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The Gender Imbalance in Participation in Canadian Universities (1977-2005)

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  • Louis N. Christofides
  • Michael Hoy
  • Ling Yang

Abstract

More females than males have been attending Canadian universities over the past decade and this gender imbalance in university participation has been increasing. We use the Linear Probability and Logit models to investigate the determinants of attending university and explore the reasons for the increasing gender imbalance. We find that, in gender-specific equations, the values of the coefficients attached to variables and the values of the variables themselves are both important in explaining the rising level of the university participation rate for women and men. The important variables include a time trend to capture the evolving societal norms, the dynamic influence of parental education, the earnings premium for a university degree, tuition fees and real income. The increasing gap between the female and male participation rates (15 percentage points by 2005) can be accounted for equally by differences in the coefficients in female and male participation equations and the widening gap in the university premium for women and men.

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File URL: http://papers.econ.ucy.ac.cy/RePEc/papers/05-08.pdf
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Bibliographic Info

Paper provided by University of Cyprus Department of Economics in its series University of Cyprus Working Papers in Economics with number 5-2008.

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Length: 43 pages
Date of creation: Apr 2008
Date of revision:
Handle: RePEc:ucy:cypeua:5-2008

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Web page: http://www.econ.ucy.ac.cy

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Keywords: University participation; individuals; gender; Canada;

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References

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  1. Neill, Christine, 2009. "Tuition fees and the demand for university places," Economics of Education Review, Elsevier, vol. 28(5), pages 561-570, October.
  2. Goldin, Claudia & Kuziemko, Ilyana & Katz, Lawrence, 2006. "The Homecoming of American College Women: The Reversal of the College Gender Gap," Scholarly Articles 2962611, Harvard University Department of Economics.
  3. Deborah A. Cobb-Clark, 2008. "Leaving Home: What Economics Has to Say about the Living Arrangements of Young Australians," CEPR Discussion Papers 568, Centre for Economic Policy Research, Research School of Economics, Australian National University.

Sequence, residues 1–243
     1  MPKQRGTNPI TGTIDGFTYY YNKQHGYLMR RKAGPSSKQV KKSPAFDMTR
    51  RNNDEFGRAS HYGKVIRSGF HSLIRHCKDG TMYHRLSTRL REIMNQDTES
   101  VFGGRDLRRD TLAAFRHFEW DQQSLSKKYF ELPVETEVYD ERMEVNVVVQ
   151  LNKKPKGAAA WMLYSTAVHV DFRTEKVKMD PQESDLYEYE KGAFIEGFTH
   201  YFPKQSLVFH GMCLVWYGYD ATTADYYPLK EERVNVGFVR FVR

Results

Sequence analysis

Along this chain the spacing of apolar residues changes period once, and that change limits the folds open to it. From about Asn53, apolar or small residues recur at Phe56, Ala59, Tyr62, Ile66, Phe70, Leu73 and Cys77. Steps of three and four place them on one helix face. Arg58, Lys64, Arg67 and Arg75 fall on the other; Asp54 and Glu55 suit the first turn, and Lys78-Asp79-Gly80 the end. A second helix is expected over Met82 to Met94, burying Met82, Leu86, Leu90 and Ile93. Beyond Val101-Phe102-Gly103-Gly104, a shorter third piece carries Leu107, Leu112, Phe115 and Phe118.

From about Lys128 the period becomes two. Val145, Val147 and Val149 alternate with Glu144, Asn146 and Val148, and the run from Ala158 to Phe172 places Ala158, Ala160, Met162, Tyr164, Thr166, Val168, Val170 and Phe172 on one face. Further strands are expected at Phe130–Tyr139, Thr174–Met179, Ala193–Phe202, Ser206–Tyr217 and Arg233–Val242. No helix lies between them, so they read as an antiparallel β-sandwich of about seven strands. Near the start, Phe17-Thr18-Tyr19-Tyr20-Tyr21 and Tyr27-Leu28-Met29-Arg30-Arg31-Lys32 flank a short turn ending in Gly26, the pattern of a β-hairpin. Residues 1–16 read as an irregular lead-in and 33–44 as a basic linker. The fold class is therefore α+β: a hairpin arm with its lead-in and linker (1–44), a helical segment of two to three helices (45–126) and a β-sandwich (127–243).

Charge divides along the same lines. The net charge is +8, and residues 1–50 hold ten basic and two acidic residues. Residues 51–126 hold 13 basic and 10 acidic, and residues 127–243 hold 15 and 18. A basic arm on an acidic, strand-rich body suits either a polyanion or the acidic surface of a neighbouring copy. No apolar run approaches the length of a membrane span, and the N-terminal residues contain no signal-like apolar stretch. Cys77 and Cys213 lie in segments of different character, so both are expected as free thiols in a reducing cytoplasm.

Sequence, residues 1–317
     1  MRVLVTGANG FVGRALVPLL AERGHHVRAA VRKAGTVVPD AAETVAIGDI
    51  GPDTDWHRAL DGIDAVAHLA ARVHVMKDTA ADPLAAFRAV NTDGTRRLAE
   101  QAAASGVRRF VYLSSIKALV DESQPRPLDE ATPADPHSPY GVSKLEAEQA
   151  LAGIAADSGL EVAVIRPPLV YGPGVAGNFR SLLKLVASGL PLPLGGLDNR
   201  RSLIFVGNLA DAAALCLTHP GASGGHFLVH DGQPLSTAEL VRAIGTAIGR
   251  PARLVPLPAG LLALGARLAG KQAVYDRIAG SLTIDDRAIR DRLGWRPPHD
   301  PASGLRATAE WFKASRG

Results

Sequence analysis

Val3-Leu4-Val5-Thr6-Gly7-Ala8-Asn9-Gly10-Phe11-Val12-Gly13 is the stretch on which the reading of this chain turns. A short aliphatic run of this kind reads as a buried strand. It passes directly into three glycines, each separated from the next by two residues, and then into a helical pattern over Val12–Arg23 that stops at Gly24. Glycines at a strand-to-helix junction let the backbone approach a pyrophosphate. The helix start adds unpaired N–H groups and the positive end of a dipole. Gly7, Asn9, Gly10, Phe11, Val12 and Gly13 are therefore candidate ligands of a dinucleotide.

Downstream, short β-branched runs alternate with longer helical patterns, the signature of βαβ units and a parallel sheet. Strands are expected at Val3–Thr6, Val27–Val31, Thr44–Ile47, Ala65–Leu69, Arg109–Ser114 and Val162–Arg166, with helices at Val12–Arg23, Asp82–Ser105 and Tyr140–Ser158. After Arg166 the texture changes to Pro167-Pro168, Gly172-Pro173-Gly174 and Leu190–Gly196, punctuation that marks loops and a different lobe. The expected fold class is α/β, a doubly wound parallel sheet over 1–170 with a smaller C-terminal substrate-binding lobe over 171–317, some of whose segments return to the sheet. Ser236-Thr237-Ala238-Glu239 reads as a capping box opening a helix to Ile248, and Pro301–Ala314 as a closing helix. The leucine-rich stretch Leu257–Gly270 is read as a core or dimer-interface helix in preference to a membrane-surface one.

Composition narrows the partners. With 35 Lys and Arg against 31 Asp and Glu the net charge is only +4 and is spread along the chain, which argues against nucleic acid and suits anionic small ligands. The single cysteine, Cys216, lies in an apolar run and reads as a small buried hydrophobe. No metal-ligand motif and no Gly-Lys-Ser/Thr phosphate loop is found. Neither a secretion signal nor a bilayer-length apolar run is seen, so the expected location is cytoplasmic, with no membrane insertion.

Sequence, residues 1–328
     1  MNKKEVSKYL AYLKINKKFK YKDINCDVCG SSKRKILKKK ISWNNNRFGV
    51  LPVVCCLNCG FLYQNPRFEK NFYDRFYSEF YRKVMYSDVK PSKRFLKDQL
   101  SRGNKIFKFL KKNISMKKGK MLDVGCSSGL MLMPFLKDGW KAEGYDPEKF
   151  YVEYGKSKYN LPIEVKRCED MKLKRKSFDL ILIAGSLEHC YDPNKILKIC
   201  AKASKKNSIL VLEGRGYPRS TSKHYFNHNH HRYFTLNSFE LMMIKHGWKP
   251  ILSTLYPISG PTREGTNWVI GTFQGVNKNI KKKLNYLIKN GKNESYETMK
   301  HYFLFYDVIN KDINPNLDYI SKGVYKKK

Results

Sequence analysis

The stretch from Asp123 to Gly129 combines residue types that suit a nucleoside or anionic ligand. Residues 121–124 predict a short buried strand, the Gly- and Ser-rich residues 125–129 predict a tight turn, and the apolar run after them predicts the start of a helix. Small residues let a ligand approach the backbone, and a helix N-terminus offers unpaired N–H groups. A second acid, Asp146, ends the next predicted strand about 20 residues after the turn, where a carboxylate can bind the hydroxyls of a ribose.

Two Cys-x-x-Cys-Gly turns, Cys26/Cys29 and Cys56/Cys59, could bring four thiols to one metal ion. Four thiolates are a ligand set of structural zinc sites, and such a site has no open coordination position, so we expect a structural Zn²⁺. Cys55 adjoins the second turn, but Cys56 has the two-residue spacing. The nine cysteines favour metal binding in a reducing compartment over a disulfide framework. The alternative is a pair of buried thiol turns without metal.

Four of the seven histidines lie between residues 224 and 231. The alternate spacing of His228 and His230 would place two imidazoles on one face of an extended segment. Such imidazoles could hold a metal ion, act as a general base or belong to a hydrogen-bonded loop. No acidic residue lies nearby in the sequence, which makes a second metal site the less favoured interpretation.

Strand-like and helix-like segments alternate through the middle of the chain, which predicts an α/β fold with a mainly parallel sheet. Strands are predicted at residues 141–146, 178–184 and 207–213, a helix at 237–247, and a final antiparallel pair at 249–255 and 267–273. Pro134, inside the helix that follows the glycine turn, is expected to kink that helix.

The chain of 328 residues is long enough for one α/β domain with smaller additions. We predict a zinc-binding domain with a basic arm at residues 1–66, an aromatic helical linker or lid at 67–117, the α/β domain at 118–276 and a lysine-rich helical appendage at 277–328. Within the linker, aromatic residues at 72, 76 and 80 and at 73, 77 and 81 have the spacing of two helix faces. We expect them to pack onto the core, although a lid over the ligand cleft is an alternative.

4. J. B. Burbidge & L. Magee & A. Leslie Robb, 2002. "The Education Premium in Canada and the United States," Canadian Public Policy, University of Toronto Press, vol. 28(2), pages 203-217, June.
  5. Bar-Or, Yuval, et al, 1995. "The Wage Premium to a University Education in Canada, 1971-1991," Journal of Labor Economics, University of Chicago Press, vol. 13(4), pages 762-94, October.
  6. Lascelles, Eric & Finnie, Ross & Sweetman, Arthur, 2005. "Who Goes? The Direct and Indirect Effects of Family Background on Access to Post-secondary Education," Analytical Studies Branch Research Paper Series 2005237e, Statistics Canada, Analytical Studies Branch.
  7. Thomas S. Dee, 2007. "Teachers and the Gender Gaps in Student Achievement," Journal of Human Resources, University of Wisconsin Press, vol. 42(3).
  8. David Neumark, 1988. "Employers' Discriminatory Behavior and the Estimation of Wage Discrimination," Journal of Human Resources, University of Wisconsin Press, vol. 23(3), pages 279-295.
  9. A.L Robb & L. Magee & J.B. Burbidge, 2003. "WAGES in CANADA: SCF, SLID, LFS and the Skill Premium," Quantitative Studies in Economics and Population Research Reports 386, McMaster University.
  10. Fairlie, Robert W, 1999. "The Absence of the African-American Owned Business: An Analysis of the Dynamics of Self-Employment," Journal of Labor Economics, University of Chicago Press, vol. 17(1), pages 80-108, January.
  11. Marc Frenette, 2006. "Too Far to Go On? Distance to School and University Participation," Education Economics, Taylor & Francis Journals, vol. 14(1), pages 31-58.
  12. Oaxaca, Ronald L. & Ransom, Michael R., 1994. "On discrimination and the decomposition of wage differentials," Journal of Econometrics, Elsevier, vol. 61(1), pages 5-21, March.
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Cited by:
  1. Zeman, Klarka & Frenette, Marc, 2007. "Why Are Most University Students Women? Evidence Based on Academic Performance, Study Habits and Parental Influences," Analytical Studies Branch Research Paper Series 2007303e, Statistics Canada, Analytical Studies Branch.
  2. Carlos Vieira & Isabel Vieira, 2009. "Student based funding in higher education systems with declining and uncertain enrolments: the Portuguese case," CEFAGE-UE Working Papers 2009_02, University of Evora, CEFAGE-UE (Portugal).

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